I still find new words that I do not have in the grid from time to time. When this happens, the user is prompted to substitute a similar word and then continue to encode. The missing word is then added to a list. The next time the word grid is updated, that word will be included.
Sorting The Word Grid
I sort the word grid by using the same approach as yesterday’s example. I sort the first column only, then sort the first two columns using column two as the key. Then I sort the first three columns using column 3 as the key. I follow that pattern all the way to the end using all ten columns and using the tenth column as the key. This leaves column ten in alphanumeric order. I solve that by then using Excel’s random number generator to number each of the rows, and sort the entire grid by that column.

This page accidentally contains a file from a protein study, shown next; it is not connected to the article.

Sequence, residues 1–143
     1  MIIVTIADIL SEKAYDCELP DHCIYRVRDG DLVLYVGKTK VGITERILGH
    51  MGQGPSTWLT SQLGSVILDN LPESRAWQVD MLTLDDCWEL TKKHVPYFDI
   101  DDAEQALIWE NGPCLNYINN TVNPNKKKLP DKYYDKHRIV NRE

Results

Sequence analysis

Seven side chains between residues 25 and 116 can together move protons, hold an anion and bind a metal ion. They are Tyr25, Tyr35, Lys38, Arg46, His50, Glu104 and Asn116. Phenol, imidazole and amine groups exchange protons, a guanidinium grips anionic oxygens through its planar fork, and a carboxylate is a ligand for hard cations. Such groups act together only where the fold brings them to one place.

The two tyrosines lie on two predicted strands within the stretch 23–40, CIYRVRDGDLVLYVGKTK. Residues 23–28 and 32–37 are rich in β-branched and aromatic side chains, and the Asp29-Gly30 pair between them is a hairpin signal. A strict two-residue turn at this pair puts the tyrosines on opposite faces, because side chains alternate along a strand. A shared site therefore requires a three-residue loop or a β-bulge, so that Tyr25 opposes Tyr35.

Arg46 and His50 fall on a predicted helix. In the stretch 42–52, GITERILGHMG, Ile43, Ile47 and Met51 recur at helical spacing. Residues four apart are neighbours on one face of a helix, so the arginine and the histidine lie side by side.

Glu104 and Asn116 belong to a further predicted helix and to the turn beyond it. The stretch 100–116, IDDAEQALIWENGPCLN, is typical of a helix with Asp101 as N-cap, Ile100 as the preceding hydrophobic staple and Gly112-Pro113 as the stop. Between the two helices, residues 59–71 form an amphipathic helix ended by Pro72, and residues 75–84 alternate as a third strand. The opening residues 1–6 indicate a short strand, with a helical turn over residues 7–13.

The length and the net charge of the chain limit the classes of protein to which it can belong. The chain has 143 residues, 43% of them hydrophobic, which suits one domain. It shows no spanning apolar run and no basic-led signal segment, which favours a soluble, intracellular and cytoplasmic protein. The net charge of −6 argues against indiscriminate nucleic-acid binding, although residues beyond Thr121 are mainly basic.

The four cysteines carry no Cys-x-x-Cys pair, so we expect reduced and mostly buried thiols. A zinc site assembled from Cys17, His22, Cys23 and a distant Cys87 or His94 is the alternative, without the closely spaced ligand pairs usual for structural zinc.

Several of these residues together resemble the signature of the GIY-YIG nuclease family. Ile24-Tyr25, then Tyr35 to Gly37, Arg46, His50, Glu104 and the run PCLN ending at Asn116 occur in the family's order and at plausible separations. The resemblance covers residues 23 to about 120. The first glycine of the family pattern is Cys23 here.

I also use this same process to sort through the rows. This ensures that words are moving between rows and columns during the sorting process.
Using With Multiple Contacts
I wanted to be able to use this spreadsheet with multiple contacts. I had the idea of using simple offsets to accomplish it. By this I mean that when the message is encoded the grid coordinates are offset with a predetermined offset number. For example, if the word “one” had a coordinate of 844-3 and I had an agreed upon offset with Group Bravo to use an offset of +10,-1, the coordinate would become 854-2. This would allow for somewhat secure communications with several groups that might share this same spreadsheet. If the message was meant for all groups, there would be no offset.
Challenge and Response to Authenticate
When using open communication sources, such as radio, I would also suggest using some form of a challenge and response system to authenticate that you are talking with your correct contact. An exchange might go like this:
- BaseStationA – “Alpha calling Bravo” – spoken English